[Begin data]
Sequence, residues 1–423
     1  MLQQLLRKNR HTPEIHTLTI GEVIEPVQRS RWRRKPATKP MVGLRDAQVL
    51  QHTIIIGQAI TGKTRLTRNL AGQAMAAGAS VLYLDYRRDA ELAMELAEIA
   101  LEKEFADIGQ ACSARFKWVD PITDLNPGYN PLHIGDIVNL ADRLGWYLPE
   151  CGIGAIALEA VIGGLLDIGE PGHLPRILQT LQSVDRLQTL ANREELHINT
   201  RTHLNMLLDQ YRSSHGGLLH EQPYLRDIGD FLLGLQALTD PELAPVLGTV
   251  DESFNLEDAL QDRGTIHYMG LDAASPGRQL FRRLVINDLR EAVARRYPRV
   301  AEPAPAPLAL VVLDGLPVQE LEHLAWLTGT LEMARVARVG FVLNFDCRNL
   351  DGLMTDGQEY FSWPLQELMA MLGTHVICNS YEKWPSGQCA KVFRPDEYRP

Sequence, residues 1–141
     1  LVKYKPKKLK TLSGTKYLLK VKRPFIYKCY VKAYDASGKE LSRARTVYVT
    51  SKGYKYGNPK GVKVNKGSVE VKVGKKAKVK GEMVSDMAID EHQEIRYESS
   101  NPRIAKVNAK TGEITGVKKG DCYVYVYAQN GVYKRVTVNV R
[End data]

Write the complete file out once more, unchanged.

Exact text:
Sequence, residues 1–423
     1  MLQQLLRKNR HTPEIHTLTI GEVIEPVQRS RWRRKPATKP MVGLRDAQVL
    51  QHTIIIGQAI TGKTRLTRNL AGQAMAAGAS VLYLDYRRDA ELAMELAEIA
   101  LEKEFADIGQ ACSARFKWVD PITDLNPGYN PLHIGDIVNL ADRLGWYLPE
   151  CGIGAIALEA VIGGLLDIGE PGHLPRILQT LQSVDRLQTL ANREELHINT
   201  RTHLNMLLDQ YRSSHGGLLH EQPYLRDIGD FLLGLQALTD PELAPVLGTV
   251  DESFNLEDAL QDRGTIHYMG LDAASPGRQL FRRLVINDLR EAVARRYPRV
   301  AEPAPAPLAL VVLDGLPVQE LEHLAWLTGT LEMARVARVG FVLNFDCRNL
   351  DGLMTDGQEY FSWPLQELMA MLGTHVICNS YEKWPSGQCA KVFRPDEYRP

Sequence, residues 1–141
     1  LVKYKPKKLK TLSGTKYLLK VKRPFIYKCY VKAYDASGKE LSRARTVYVT
    51  SKGYKYGNPK GVKVNKGSVE VKVGKKAKVK GEMVSDMAID EHQEIRYESS
   101  NPRIAKVNAK TGEITGVKKG DCYVYVYAQN GVYKRVTVNV R